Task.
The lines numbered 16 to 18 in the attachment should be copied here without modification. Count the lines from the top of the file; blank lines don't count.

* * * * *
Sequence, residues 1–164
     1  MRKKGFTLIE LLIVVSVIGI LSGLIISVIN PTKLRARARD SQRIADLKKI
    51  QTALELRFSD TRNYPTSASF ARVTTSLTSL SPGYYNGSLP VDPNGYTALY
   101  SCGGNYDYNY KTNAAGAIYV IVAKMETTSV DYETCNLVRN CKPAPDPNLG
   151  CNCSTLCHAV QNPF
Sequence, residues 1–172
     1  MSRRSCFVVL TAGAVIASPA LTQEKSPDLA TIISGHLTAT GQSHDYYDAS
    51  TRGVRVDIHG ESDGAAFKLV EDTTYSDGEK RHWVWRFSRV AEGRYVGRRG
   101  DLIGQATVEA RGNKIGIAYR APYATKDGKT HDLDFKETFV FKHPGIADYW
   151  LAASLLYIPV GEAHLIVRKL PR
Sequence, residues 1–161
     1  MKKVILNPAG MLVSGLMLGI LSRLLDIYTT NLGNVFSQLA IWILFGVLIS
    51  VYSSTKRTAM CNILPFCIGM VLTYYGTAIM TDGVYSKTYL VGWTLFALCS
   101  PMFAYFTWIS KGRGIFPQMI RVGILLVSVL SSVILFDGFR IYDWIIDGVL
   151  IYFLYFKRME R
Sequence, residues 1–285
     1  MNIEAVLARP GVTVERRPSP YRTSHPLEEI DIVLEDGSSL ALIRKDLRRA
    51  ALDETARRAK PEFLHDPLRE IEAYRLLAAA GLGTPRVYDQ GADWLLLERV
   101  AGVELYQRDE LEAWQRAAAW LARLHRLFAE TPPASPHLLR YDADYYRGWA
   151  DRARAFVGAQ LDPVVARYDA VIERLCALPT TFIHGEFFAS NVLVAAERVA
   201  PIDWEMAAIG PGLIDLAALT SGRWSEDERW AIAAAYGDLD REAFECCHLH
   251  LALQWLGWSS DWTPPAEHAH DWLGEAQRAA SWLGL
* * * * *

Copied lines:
Sequence, residues 1–285
     1  MNIEAVLARP GVTVERRPSP YRTSHPLEEI DIVLEDGSSL ALIRKDLRRA
    51  ALDETARRAK PEFLHDPLRE IEAYRLLAAA GLGTPRVYDQ GADWLLLERV